UNITED NATIONS (APP): Despite leadership losses and diminished cash reserves, the extremist group ISIL, or Da’esh, continues to pose a threat to international peace and security, the UN counter-terrorism chief has warned.
In a briefing to the UN Security Council, Under-Secretary-General Vladimir Voronkov underlined the need for concerted global action,
when he presented the latest UN report on the terrorist organization.
Focusing on the plight of victims and survivors of terrorism worldwide, Voronkov said that beyond the headlines and behind the numbers, there were numerous people and communities who were affected by the “heinous crimes of Da’esh and other terrorist groups and individuals.”
The Da’esh threat remains high and has increased in and around conflict zones where the group and its affiliates are active, he added.
Their expansion in central and southern Africa, and the Sahel, remains particularly worrying, the top counterterrorism official said.
“Previous reports raised concerns over an increased risk of attacks in non-conflict areas by unaffiliated lone actors and small cells inspired by Da’esh as pandemic-related restrictions eased,” he told the 15-member Council.
“While this has not materialized over this reporting period, the level of terrorist activity continues to be a concern to Member States.”
Da’esh also continues to use the Internet, social media and video games for propaganda and recruitment purposes, along with new and emerging technologies, such as unmanned aerial systems, or drones.
Meanwhile, scores of people affiliated with the extremists, including children, remain in camps and detention facilities in northeast Syria.
Voronkov drew attention to the dire situation, warning against the far-reaching consequences and slow pace of repatriations.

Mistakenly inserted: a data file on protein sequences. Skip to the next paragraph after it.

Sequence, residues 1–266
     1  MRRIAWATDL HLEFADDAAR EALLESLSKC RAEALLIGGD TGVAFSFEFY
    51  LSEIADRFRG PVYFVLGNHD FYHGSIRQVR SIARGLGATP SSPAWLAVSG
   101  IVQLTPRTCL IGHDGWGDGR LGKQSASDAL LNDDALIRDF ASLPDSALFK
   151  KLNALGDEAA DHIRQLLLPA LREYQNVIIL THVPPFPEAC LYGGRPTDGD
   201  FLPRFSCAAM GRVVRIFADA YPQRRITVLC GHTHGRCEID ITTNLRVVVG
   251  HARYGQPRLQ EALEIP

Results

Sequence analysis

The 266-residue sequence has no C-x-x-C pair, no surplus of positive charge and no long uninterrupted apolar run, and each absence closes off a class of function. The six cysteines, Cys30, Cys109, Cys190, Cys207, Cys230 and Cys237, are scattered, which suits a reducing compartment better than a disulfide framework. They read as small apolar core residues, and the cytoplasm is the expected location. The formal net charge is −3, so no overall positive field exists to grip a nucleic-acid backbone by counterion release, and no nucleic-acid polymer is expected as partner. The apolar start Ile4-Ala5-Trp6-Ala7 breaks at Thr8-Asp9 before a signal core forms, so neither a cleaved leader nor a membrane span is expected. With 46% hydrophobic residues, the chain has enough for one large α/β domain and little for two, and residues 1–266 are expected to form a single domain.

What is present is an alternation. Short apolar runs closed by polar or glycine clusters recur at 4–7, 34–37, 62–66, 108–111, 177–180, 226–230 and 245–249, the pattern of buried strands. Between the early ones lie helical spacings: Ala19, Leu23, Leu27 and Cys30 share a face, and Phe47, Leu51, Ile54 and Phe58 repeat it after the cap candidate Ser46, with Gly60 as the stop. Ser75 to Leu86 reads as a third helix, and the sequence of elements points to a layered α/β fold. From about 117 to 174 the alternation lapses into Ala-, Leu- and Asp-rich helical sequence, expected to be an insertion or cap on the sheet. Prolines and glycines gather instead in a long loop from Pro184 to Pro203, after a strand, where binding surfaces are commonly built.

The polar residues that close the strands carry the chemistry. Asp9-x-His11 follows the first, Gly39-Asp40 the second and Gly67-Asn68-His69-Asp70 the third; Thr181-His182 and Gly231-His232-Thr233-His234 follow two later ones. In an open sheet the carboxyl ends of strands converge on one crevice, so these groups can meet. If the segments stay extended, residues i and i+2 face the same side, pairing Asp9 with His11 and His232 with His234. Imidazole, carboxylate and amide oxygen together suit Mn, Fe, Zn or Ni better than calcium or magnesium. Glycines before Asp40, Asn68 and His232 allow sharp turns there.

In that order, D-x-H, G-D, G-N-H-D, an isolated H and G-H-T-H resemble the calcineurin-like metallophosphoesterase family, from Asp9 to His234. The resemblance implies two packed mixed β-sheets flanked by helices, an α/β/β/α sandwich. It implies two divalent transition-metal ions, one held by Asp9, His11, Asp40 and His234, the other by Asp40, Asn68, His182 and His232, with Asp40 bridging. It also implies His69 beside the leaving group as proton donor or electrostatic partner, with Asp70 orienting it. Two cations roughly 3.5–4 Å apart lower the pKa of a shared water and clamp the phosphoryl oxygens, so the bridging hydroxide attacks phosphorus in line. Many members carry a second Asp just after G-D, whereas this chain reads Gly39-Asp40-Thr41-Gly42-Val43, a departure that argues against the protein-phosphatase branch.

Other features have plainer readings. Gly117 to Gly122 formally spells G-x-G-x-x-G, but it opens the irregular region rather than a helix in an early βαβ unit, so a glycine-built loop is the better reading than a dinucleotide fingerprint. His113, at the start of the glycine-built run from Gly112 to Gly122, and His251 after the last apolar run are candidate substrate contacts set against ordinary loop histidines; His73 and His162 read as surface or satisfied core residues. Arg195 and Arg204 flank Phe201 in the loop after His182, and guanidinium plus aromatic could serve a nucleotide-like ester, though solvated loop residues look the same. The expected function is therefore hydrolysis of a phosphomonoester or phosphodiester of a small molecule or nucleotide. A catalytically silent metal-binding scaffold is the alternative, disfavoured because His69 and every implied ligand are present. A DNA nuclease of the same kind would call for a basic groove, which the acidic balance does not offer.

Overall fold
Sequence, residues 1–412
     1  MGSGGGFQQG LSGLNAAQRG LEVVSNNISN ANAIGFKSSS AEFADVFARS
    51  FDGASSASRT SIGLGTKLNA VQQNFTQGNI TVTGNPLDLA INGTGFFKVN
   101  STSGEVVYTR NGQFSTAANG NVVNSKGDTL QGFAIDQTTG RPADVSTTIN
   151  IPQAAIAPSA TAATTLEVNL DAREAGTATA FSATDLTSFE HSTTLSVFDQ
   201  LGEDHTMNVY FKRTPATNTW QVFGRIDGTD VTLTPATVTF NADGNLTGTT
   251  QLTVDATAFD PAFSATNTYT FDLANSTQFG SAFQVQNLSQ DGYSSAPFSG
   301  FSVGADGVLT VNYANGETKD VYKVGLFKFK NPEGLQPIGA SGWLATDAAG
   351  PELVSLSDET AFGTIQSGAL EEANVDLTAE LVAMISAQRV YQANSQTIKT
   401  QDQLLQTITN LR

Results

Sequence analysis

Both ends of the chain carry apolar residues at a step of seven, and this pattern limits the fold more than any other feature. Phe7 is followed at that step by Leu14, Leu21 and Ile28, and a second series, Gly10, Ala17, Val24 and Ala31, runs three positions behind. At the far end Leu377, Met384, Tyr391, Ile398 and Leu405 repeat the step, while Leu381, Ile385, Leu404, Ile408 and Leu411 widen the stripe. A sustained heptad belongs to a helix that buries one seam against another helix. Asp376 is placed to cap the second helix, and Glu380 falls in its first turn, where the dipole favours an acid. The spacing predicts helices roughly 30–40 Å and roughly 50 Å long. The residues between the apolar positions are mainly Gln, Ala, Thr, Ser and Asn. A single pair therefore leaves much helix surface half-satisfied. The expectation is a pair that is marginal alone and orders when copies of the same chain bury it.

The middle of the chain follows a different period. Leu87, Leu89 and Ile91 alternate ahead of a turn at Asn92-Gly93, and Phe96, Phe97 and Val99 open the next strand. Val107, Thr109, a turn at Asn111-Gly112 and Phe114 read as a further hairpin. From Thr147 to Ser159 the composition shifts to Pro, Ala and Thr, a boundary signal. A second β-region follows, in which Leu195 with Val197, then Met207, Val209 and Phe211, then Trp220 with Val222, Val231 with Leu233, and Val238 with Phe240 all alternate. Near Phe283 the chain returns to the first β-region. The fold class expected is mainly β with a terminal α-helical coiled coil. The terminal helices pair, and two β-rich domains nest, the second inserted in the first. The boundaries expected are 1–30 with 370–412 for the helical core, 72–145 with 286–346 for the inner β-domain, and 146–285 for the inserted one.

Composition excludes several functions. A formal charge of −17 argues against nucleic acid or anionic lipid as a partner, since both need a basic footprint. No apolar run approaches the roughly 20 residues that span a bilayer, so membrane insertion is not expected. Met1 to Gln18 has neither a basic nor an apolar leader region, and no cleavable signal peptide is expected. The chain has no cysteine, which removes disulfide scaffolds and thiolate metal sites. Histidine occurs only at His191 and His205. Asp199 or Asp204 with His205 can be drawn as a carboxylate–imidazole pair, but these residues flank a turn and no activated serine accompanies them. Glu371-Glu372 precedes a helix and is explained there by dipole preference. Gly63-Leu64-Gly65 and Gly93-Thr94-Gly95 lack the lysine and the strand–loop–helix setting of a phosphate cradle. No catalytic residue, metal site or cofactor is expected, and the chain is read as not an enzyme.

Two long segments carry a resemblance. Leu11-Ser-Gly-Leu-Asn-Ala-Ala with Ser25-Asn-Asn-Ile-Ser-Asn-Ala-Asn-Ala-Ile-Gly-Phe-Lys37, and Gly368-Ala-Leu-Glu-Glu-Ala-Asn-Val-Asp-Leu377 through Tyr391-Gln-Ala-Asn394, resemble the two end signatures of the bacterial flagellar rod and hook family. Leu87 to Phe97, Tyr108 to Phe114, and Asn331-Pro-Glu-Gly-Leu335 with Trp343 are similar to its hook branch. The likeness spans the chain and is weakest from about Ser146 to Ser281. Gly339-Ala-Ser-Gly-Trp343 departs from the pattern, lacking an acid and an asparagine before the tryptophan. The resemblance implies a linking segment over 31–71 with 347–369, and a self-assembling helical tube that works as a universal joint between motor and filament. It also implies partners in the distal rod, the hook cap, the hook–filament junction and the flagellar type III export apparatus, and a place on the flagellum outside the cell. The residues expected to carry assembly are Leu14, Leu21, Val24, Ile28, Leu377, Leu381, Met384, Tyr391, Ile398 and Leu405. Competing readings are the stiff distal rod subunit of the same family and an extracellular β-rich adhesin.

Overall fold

He emphasized that the foreign terrorist fighter issue is not exclusive to Iraq and Syria, but a global challenge, with implications that go beyond accountability and prosecution for crimes.
Fighters with battlefield experience who are relocated to their homelands, or to third countries, further compound the threat.
“As noted in the report, terrorist attacks committed by such individuals have proven to be particularly lethal compared to those committed by purely homegrown terrorists,” he said.
“There are also instances of some radicalized women associated with Da’esh who reinvent themselves as recruiters, indoctrinating others, and, in particular, children.”
Voronkov outlined three recommendations to address the persistent threat posed by Da’esh and its affiliates.
He called for multidimensional approaches, with “more complementarity” between security responses and preventive measures. These strategies must be gender-sensitive and anchored in international law and human rights.
Finally, given the increased threat from conflict zones, he stressed the need to better understand the complex relationship between conflict and terrorism.
Another top UN official, who also briefed ambassadors, underscored the importance of greater global collaboration in defeating the terrorists.
“Only by working multilaterally and cooperatively will we succeed in mounting an effective response to the evolving global terrorist threat,” said Weixiong Chen, acting head of CTED, the secretariat for the Council’s own Counter-Terrorism Committee (CTC).
“Our measures must be tailor-made, age and gender-responsive, and human rights-compliant,” he added.
Chen also reported on recent efforts to address terrorists’ use of new and emerging technologies, such as the Delhi Declaration, adopted last October in India.
The Declaration aims to cover main concerns surrounding issues that include the abuse of drones, information and communication technologies, and new online payments and fund raising methods.
Meanwhile, civil society representative Franziska Praxl-Tabuchi, underscored why gender-responsive approaches must be included in counter-terrorism programmes and policies.
This is not just a matter of realizing the participation of women, she said, but is instead about ensuring inclusive, equitable participation and leadership of people of diverse gender identities.
“It requires accounting for the experiences, needs, and challenges of individuals and recognizing how gender identities relate to other identity factors,” said Ms. Praxl-Tabuchi, who spoke on behalf of the Global Center on Cooperative Security, an independent, non-partisan policy and research institute.
“Simply put, integrating a gender perspective is a prerequisite for successful human rights–based and people-centered policies and programmes intended to address peace and security issues, including those that aim to counter violent extremism and terrorism.”